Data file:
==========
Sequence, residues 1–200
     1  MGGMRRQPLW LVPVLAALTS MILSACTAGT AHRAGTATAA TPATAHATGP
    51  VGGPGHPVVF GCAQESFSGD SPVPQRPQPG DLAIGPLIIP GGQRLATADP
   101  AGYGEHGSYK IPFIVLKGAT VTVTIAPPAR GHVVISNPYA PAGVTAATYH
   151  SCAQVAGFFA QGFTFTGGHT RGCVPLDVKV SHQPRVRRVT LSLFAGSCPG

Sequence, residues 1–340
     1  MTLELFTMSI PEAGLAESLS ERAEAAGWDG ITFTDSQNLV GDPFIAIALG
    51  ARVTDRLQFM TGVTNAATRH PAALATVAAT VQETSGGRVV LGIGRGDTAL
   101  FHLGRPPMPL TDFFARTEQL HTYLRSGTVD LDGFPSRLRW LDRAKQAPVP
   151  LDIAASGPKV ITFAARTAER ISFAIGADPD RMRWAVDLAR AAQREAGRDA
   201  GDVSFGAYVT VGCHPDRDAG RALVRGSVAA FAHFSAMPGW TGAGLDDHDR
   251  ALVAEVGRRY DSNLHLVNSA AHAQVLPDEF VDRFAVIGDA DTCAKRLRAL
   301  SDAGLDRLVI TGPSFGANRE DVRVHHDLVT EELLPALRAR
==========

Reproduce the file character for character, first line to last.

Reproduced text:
Sequence, residues 1–200
     1  MGGMRRQPLW LVPVLAALTS MILSACTAGT AHRAGTATAA TPATAHATGP
    51  VGGPGHPVVF GCAQESFSGD SPVPQRPQPG DLAIGPLIIP GGQRLATADP
   101  AGYGEHGSYK IPFIVLKGAT VTVTIAPPAR GHVVISNPYA PAGVTAATYH
   151  SCAQVAGFFA QGFTFTGGHT RGCVPLDVKV SHQPRVRRVT LSLFAGSCPG

Sequence, residues 1–340
     1  MTLELFTMSI PEAGLAESLS ERAEAAGWDG ITFTDSQNLV GDPFIAIALG
    51  ARVTDRLQFM TGVTNAATRH PAALATVAAT VQETSGGRVV LGIGRGDTAL
   101  FHLGRPPMPL TDFFARTEQL HTYLRSGTVD LDGFPSRLRW LDRAKQAPVP
   151  LDIAASGPKV ITFAARTAER ISFAIGADPD RMRWAVDLAR AAQREAGRDA
   201  GDVSFGAYVT VGCHPDRDAG RALVRGSVAA FAHFSAMPGW TGAGLDDHDR
   251  ALVAEVGRRY DSNLHLVNSA AHAQVLPDEF VDRFAVIGDA DTCAKRLRAL
   301  SDAGLDRLVI TGPSFGANRE DVRVHHDLVT EELLPALRAR